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Submission + - Errata prompts Intel to disable TSX in Haswell, early Broadwell CPUs

Dr. Damage writes: The TSX instructions built into Intel's Haswell CPU cores haven't become widely used by everyday software just yet, but they promise to make certain types of multithreaded applications run much faster than they can today. Some of the savviest software developers are likely building TSX-enabled software right about now.

Unfortunately, that work may have to come to a halt, thanks to a bug—or "errata," as Intel prefers to call them—in Haswell's TSX implementation that can cause critical software failures. To work around the problem, Intel will disable TSX via microcode in its current CPUs--and in early Broadwell processors, as well.

Comment Really? (Score 1) 185

Depends on what you're willing to compromise. I have Nvidia Optimus, everything works perfectly for me. I had to use bumblebee and not Nvidia's own hacks, since NV's don't work yet, and bumblebee does, but it's pretty close to the Windows experience. While it doesn't auto-detect apps and select Intel/Nvidia automatically for me, it does allow me to manually force Nvidia usage much more simply, so I score that a wash.

Intel for 2D/desktop - works great.
Nvidia for performance 3D - works great.
Auto-power-off of Nvidia when not in use - works great.

The only thing I get in Windows that I don't get in Linux at the moment, when I'm docked with 2+ monitors connected in Windows, The drivers seem to understand the connection setup, and the Nvidia chip will stay hot/lit-up all the time, to drive monitor #3. In Linux, if the Intel graphics can't make all the connected displays go, they don't. I'm told that I could fix this too, with quite a bit of hackery/tinkering, but I just plain can't be arsed.

Setup literally consisted of 3 or 4 commands and some testing to verify it was working correctly. No reboot needed, just an X restart once everything was in place.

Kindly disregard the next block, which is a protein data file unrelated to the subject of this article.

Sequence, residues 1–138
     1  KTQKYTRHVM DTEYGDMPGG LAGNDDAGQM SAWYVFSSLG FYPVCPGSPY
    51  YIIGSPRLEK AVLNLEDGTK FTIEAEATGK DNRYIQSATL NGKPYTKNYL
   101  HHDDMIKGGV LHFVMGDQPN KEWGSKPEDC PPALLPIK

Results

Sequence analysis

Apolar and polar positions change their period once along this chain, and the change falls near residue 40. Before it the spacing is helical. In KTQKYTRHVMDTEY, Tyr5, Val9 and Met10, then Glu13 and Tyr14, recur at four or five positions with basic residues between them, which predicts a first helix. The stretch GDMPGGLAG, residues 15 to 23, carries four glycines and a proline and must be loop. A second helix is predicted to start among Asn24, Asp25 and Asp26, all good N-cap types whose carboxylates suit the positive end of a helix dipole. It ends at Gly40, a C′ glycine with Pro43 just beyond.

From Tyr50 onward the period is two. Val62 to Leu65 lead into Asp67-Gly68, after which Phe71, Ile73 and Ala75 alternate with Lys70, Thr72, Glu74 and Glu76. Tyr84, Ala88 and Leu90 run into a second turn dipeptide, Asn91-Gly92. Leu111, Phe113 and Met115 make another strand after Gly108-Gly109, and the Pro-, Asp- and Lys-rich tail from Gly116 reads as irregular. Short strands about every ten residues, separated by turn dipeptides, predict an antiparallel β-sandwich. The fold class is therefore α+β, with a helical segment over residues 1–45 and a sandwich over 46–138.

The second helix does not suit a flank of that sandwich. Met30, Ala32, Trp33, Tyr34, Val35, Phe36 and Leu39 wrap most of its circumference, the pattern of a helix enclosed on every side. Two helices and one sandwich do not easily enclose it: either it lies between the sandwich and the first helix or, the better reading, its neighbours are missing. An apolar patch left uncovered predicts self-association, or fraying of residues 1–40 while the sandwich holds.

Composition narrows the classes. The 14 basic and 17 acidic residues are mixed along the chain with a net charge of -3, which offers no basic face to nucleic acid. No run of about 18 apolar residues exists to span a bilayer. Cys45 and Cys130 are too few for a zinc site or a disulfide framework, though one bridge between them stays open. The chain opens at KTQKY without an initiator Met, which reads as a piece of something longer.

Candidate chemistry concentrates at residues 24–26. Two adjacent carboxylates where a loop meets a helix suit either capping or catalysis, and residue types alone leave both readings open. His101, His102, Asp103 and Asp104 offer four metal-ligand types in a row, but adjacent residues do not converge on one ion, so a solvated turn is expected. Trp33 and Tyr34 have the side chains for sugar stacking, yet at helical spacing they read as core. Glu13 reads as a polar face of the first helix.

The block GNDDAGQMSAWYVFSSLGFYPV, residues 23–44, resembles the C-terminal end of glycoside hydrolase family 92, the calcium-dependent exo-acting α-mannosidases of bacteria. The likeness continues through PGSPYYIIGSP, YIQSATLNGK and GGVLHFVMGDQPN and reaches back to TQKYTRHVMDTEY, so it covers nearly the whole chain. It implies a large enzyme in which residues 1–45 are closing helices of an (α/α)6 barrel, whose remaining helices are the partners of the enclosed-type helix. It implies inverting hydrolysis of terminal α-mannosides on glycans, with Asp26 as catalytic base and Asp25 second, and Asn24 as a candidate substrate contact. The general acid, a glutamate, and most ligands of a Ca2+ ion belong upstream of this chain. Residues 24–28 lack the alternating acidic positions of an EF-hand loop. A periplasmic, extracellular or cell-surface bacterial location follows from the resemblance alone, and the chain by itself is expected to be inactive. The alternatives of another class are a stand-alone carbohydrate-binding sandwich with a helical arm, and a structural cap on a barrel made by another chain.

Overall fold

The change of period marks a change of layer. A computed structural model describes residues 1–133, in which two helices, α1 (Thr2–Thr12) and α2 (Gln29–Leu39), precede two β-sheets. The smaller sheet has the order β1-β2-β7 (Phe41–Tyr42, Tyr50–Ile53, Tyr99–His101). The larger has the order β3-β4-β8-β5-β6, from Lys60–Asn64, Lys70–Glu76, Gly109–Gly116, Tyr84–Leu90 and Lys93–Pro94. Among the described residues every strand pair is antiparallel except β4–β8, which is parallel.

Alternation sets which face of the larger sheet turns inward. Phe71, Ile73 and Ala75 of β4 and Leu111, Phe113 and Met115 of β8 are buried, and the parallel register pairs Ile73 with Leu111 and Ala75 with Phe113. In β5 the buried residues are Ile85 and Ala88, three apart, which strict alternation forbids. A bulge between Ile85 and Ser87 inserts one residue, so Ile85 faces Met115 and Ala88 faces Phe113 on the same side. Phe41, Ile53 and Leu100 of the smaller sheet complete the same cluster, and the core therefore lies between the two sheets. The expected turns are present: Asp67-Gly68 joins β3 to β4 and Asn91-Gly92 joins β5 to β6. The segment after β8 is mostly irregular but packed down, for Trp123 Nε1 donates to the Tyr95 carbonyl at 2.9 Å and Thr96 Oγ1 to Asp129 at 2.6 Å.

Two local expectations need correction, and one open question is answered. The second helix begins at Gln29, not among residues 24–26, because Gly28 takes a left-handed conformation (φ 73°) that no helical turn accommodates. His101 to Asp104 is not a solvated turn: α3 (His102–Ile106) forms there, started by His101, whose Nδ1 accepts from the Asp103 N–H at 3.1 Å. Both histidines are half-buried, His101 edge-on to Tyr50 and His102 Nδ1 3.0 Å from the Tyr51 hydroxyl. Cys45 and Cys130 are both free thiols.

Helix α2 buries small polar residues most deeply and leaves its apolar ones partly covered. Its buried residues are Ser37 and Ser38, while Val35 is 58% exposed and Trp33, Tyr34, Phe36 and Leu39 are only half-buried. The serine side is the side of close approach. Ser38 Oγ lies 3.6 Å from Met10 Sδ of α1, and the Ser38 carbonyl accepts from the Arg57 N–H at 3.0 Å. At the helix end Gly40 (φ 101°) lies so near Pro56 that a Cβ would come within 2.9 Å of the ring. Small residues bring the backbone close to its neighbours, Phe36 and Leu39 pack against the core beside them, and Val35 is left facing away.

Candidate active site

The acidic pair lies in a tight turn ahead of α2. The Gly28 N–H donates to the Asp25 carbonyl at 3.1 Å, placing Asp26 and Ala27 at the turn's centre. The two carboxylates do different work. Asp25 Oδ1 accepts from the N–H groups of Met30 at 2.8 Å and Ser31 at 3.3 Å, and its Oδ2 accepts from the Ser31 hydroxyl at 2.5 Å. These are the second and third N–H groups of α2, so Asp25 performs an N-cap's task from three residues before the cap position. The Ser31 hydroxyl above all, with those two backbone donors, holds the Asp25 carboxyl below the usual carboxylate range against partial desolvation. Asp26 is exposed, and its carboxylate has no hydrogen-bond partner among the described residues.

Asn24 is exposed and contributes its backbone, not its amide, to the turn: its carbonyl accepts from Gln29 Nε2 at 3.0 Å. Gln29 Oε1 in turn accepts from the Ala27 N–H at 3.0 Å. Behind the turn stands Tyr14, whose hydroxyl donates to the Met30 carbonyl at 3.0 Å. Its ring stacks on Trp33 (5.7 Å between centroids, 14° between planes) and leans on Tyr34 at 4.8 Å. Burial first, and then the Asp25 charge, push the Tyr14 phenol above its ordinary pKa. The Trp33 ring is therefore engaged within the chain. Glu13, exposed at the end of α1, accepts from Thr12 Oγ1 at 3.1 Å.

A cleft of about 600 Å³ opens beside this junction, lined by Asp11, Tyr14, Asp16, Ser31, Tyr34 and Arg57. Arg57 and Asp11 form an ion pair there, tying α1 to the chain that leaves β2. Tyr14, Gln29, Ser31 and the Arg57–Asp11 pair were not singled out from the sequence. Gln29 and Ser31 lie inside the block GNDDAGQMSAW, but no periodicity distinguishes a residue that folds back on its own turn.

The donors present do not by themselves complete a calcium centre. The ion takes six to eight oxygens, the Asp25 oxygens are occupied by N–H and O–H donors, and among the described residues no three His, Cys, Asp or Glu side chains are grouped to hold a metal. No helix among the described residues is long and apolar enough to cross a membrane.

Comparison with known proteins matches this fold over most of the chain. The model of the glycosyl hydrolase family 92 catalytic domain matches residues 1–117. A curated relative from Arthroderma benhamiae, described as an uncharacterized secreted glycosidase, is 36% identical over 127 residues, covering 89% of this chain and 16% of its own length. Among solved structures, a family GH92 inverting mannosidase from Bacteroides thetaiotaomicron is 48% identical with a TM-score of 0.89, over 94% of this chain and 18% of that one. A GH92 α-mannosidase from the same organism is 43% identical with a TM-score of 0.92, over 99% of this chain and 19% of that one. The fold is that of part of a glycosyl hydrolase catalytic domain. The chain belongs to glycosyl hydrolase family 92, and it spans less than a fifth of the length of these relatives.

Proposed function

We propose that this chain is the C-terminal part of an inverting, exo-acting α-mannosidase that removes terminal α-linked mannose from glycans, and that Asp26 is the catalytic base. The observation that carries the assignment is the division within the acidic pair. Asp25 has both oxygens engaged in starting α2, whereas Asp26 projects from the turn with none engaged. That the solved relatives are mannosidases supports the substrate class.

Now, since I have a nice high end Dell, I can bypass the entire issue by making the Nvidia chip the primary/only graphics adapter, but that kills my battery runtime (from 5-6 hours easily, down to 2-3), and makes the machine hotter and louder.

Comment And if we're ok with this? (Score 1) 693

"Those wishing to support the GNOME Foundation can become a friend of GNOME."
And if we just want Gnome 3.0 and Unity and friends to catch a clue and toddle off? Is there a "Gnome 2.X was good, but the current garbage is just that" organization? I think it would get a lot of supporters. Maybe we can get Cinnamon named the official successor.

Comment Re:Problem is the interface (Score 2, Insightful) 64

Like many others, myself included, you have misunderstood. It is not a surgery simulator. It's not simulating you performing surgery. It's a SURGEON simulator. It simulates you performing a surgeon.

It's deeply broken and bad, and Steam refused to allow me to return for refund, so I watch people play it on Youtube sometimes, and it's in my library. Worst 6$ in recent memory.

Comment Re:Time (Score 5, Funny) 530

"Time, we know, is relative. You can travel light years through the stars and back, and if you do it at the speed of light then, when you return, you may have aged mere seconds while your twin brother or sister will have aged twenty, thirty, forty or however many years it is, depending on how far you traveled. This will come to you as a profound shock, particularly if you didn't know you had a twin brother or sister."

Comment Re:Great (Score 1) 116

I wish you were correct, but it's not so. While there are a few very open Android devices, the great majority need many binary blobs to function, and not just for graphics. Some need binary blobs for touchscreen, WLAN, GPU, more.

I don't know of any truly free and open devices, which don't require any binary drivers to fully function. I'm sure some exist, but they're not the devices you're thinking of.

Comment Re:They Just Can't Catch a Break (Score 2) 178

I'm sorry, I was excessively brief so as to be approachable while still somewhat informative.

Balmer had his shitfit several years ago, as I'd pointed out. Around that same time, WinPhone went from being a second class citizen to being a major focus again. More recently, Microsoft flat out bought Nokia. That better?